Description Usage Arguments Details Value Author(s) See Also Examples
Functions to handle shingles
1 2 3 4 5 6 7 8 9 10 11 12 13 14 15 16 17 18 19 20 21 22 23 24 25  shingle(x, intervals=sort(unique(x)))
equal.count(x, ...)
as.shingle(x)
is.shingle(x)
## S3 method for class 'shingle'
plot(x, panel, xlab, ylab, ...)
## S3 method for class 'shingle'
print(x, showValues = TRUE, ...)
## S3 method for class 'shingleLevel'
as.character(x, ...)
## S3 method for class 'shingleLevel'
print(x, ...)
## S3 method for class 'shingle'
summary(object, showValues = FALSE, ...)
## S3 method for class 'shingle'
x[subset, drop = FALSE]
as.factorOrShingle(x, subset, drop)

x 
numeric variable or R object, shingle in 
object 
shingle object to be summarized 
showValues 
logical, whether to print the numeric part. If FALSE, only the intervals are printed 
intervals 
numeric vector or matrix with 2 columns 
subset 
logical vector 
drop 
whether redundant shingle levels are to be dropped 
panel, xlab, ylab 
standard Trellis arguments (see

... 
other arguments, passed down as appropriate. For
example, extra arguments to 
A shingle is a data structure used in Trellis, and is a generalization
of factors to ‘continuous’ variables. It consists of a numeric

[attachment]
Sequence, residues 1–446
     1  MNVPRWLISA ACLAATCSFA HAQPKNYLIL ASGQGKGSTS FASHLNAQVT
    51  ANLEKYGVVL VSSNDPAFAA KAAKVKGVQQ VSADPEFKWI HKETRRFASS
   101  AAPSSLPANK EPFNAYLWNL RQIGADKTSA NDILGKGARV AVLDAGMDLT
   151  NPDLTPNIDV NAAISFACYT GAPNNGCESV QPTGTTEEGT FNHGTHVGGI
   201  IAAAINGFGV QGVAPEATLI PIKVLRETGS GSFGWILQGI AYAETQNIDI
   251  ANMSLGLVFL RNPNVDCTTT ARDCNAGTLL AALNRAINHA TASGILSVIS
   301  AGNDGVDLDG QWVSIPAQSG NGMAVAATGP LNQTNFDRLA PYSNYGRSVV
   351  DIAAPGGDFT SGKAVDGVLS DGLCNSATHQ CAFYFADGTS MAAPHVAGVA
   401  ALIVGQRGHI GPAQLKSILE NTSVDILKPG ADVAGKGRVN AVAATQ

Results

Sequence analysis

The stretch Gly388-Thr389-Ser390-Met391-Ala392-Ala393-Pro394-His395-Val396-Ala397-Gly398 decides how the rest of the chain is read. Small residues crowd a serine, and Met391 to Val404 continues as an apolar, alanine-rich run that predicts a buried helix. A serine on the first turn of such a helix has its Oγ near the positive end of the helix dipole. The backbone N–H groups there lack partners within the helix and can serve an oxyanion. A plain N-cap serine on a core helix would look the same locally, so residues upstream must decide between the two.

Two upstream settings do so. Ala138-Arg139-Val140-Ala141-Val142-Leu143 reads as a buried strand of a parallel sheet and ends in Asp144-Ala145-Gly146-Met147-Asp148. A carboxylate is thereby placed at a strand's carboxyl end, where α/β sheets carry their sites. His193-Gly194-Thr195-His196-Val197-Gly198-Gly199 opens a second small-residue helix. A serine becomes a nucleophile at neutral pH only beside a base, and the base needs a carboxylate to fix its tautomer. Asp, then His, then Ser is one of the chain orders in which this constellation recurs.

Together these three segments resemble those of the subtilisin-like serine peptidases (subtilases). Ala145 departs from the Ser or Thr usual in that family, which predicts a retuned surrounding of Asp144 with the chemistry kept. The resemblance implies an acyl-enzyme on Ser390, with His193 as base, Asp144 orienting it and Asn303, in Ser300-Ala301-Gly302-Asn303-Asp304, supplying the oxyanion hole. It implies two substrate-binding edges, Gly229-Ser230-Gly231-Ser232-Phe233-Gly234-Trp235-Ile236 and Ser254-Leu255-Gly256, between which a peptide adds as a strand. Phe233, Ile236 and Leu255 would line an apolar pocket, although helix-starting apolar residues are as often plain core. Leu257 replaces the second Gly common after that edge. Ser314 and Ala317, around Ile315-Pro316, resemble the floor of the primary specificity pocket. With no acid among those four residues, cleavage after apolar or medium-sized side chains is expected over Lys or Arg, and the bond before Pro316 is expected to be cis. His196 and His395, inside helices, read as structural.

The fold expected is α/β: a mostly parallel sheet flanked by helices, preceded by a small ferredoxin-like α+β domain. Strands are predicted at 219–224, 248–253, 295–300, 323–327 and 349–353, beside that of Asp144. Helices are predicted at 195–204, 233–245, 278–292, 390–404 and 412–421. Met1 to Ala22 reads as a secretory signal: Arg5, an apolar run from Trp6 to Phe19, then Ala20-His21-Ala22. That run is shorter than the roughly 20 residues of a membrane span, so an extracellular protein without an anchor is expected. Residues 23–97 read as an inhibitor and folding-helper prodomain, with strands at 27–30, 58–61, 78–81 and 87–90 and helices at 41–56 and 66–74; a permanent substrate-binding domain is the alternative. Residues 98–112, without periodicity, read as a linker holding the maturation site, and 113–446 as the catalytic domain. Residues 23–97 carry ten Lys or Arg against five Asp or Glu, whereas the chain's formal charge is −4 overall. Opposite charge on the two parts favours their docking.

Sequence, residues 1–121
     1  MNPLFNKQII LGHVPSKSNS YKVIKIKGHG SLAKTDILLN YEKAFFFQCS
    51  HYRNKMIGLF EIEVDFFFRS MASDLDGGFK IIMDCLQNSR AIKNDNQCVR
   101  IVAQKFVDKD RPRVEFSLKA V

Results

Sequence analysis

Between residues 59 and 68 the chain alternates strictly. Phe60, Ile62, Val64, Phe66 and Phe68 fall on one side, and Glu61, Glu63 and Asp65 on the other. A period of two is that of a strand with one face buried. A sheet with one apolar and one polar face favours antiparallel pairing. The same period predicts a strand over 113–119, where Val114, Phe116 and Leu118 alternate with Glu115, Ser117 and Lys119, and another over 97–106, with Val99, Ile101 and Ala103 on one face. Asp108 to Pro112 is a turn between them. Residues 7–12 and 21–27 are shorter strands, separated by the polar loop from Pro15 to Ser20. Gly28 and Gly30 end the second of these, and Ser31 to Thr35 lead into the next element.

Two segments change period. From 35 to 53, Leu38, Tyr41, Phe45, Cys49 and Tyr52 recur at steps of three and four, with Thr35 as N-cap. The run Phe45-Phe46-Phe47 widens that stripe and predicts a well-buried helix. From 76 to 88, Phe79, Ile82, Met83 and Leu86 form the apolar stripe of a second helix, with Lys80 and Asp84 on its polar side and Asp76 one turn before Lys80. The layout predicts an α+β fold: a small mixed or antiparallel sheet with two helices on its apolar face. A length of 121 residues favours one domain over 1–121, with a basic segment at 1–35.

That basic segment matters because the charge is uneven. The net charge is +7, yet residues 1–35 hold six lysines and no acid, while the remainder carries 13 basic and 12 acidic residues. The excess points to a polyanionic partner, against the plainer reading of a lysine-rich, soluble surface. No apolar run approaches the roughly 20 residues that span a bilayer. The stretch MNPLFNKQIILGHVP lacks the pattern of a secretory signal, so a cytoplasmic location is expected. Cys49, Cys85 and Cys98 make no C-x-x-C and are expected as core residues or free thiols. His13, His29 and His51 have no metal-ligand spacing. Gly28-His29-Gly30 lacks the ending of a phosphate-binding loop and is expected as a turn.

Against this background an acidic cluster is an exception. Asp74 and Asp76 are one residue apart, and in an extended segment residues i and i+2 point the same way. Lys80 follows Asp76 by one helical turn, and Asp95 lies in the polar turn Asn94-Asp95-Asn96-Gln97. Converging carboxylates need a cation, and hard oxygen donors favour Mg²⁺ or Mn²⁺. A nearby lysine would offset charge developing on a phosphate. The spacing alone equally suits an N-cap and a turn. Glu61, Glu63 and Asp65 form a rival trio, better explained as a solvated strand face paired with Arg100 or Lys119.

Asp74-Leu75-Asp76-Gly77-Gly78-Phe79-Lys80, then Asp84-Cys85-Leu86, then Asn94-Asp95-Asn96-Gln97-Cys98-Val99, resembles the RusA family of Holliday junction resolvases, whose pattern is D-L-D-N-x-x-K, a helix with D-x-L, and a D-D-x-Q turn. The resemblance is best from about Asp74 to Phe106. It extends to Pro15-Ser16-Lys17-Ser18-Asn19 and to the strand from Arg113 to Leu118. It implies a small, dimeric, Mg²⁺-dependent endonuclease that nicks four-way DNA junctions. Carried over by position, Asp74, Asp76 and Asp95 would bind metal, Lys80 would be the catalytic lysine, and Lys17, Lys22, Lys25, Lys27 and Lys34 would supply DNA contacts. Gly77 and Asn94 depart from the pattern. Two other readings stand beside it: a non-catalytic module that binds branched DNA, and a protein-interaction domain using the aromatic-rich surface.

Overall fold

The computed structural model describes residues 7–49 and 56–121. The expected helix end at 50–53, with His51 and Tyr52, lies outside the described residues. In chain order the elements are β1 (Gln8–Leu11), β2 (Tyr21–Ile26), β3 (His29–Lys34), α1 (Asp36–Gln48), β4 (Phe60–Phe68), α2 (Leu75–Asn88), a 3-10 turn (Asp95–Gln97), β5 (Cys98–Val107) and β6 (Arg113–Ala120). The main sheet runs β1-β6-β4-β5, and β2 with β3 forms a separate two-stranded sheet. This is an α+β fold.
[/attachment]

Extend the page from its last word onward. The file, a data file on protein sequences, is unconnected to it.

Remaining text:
vector along with some possibly overlapping intervals. These intervals
are the ‘levels’ of the shingle. The levels
and
nlevels
functions, usually applicable to factors, also work on
shingles. The implementation of shingles is slightly different from
S.
There are print methods for shingles, as well as for printing the
result of levels()
applied to a shingle. For use in labelling,
the as.character
method can be used to convert levels of a
shingle to character strings.
equal.count
converts x
to a shingle using the equal
count algorithm. This is essentially a wrapper around
co.intervals
. All arguments are passed to co.intervals
.
shingle
creates a shingle using the given intervals
. If
intervals
is a vector, these are used to form 0 length
intervals.
as.shingle
returns shingle(x)
if x
is not a
shingle.
is.shingle
tests whether x
is a shingle.
plot.shingle
displays the ranges of shingles via
rectangles. print.shingle
and summary.shingle
describe
the shingle object.
x$intervals
for levels.shingle(x)
,
logical for is.shingle
, an object of class "trellis"
for
plot
(printed by default by print.trellis
), and
an object of class "shingle"
for the others.
Deepayan Sarkar [email protected]
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